University of Virginia Health System has been honored as one of just 12 Comprehensive Clinical Care Centers in the U.S. for von Hippel-Lindau disease (VHL), which causes blood vessel tumors, by the VHL Alliance.
UVA is the only comprehensive center in Virginia for the care of patients with VHL. The condition is caused by a genetic mutation and leads to the development of both benign and cancerous tumors in the nervous system, kidney, pancreas, and adrenal gland as well as other parts of the body, according to the VHL Alliance.
To earn this recognition, centers must have previously been recognized as Clinical Care Centers by the VHL Alliance and have demonstrated “additional depth of expertise and experience treating VHL and their dedication to a true team approach for VHL patients,” said the VHL Alliance on its website.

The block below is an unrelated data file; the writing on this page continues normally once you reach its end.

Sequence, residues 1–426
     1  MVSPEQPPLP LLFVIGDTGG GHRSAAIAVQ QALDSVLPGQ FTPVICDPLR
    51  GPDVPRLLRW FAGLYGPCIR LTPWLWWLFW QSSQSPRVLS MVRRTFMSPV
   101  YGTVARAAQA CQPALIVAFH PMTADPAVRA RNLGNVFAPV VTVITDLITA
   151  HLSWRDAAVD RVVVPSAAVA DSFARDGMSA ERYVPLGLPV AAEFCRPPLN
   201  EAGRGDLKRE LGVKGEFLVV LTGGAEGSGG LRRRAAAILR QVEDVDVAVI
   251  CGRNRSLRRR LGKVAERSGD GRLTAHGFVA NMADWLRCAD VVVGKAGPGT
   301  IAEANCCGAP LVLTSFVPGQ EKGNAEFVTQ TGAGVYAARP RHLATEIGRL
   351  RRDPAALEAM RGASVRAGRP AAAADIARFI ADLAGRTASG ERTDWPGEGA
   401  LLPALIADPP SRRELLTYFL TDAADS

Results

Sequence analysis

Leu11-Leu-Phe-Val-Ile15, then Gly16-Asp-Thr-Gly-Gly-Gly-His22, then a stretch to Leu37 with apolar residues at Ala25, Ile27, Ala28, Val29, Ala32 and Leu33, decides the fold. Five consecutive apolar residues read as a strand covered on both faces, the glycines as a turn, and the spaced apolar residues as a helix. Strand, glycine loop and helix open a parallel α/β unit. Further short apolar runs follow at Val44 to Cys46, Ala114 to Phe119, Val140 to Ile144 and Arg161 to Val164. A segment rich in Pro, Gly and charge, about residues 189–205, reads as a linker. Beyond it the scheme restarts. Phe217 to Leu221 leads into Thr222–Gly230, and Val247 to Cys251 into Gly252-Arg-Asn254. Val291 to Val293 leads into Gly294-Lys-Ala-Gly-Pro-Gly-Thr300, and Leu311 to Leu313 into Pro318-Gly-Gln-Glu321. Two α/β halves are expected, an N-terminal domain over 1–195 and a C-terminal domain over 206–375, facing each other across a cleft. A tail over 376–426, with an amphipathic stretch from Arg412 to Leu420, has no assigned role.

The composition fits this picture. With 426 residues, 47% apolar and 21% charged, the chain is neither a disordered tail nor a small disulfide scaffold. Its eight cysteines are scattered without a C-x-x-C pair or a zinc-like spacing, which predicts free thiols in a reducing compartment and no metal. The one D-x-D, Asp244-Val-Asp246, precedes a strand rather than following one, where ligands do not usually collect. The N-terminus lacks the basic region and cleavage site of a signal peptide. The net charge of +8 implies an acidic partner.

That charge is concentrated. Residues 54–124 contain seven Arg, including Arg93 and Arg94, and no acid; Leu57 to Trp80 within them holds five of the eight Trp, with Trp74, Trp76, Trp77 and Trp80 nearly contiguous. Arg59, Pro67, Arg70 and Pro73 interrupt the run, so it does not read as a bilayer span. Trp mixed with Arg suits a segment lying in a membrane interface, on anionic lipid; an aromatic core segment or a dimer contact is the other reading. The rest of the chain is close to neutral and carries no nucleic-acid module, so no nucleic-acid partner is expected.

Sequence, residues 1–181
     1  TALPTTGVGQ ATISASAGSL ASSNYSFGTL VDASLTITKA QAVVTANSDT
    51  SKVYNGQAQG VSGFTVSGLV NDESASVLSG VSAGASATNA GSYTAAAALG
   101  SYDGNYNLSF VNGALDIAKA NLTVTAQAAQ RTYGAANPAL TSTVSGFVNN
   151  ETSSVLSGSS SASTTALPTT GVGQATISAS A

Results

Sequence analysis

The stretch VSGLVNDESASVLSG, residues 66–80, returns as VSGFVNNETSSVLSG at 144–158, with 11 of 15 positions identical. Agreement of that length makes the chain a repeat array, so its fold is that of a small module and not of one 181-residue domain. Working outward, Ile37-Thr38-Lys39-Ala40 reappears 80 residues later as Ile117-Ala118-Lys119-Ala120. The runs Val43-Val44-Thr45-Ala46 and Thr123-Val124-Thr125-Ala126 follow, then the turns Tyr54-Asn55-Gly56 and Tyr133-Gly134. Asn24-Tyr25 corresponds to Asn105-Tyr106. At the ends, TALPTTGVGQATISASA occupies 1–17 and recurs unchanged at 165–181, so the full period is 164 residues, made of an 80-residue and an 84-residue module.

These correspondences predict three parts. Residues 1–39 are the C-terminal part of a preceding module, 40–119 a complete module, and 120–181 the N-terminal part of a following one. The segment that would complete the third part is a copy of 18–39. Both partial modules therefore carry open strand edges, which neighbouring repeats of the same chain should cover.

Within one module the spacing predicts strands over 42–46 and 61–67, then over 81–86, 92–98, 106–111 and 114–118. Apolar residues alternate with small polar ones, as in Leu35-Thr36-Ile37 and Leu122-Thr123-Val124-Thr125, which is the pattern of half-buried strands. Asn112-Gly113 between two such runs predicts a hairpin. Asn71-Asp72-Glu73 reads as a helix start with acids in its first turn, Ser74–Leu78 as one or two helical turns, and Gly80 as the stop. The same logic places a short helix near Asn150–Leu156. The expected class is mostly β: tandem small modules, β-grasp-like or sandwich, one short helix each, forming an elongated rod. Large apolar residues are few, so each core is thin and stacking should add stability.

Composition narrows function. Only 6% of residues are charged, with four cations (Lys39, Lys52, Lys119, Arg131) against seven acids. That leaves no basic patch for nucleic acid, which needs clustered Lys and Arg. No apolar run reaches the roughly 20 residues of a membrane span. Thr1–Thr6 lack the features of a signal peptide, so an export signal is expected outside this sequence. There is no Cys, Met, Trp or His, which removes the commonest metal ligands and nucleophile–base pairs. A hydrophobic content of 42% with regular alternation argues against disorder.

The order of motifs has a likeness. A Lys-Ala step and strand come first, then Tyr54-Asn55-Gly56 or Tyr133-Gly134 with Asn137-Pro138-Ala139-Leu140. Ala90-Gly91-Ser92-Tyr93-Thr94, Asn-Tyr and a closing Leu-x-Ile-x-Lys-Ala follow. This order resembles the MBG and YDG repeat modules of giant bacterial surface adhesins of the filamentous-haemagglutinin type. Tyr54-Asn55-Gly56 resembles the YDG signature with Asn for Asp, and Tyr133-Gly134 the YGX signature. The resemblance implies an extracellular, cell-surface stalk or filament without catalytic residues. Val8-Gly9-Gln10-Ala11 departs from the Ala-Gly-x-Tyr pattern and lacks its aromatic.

“VHL is a complex, genetic tumor predisposition syndrome that affects multiple organs and may impact an individual’s life in many ways. At UVA, we offer well-coordinated multidisciplinary management that emphasizes close surveillance and treatments that are tailored to the needs of each individual patient. This truly represents the ‘comprehensive’ nature of the care provided by recognized leaders in VHL-related care,” said Ashok R. Asthagiri, MD, a UVA neurosurgeon and Director of the UVA VHL Comprehensive Clinical Center.
UVA’s multidisciplinary care team includes medical experts in neurosurgery, urology, endocrinology, ophthalmology, surgical oncology, radiology, palliative care and otolaryngology. Psychosocial aspects of care and living with VHL are emphasized, and support is provided through our oncology social work team.
“I congratulate our care providers for their teamwork to provide high-quality, comprehensive care that best serves patients with VHL,” said Pamela M. Sutton-Wallace, chief executive officer of UVA Medical Center.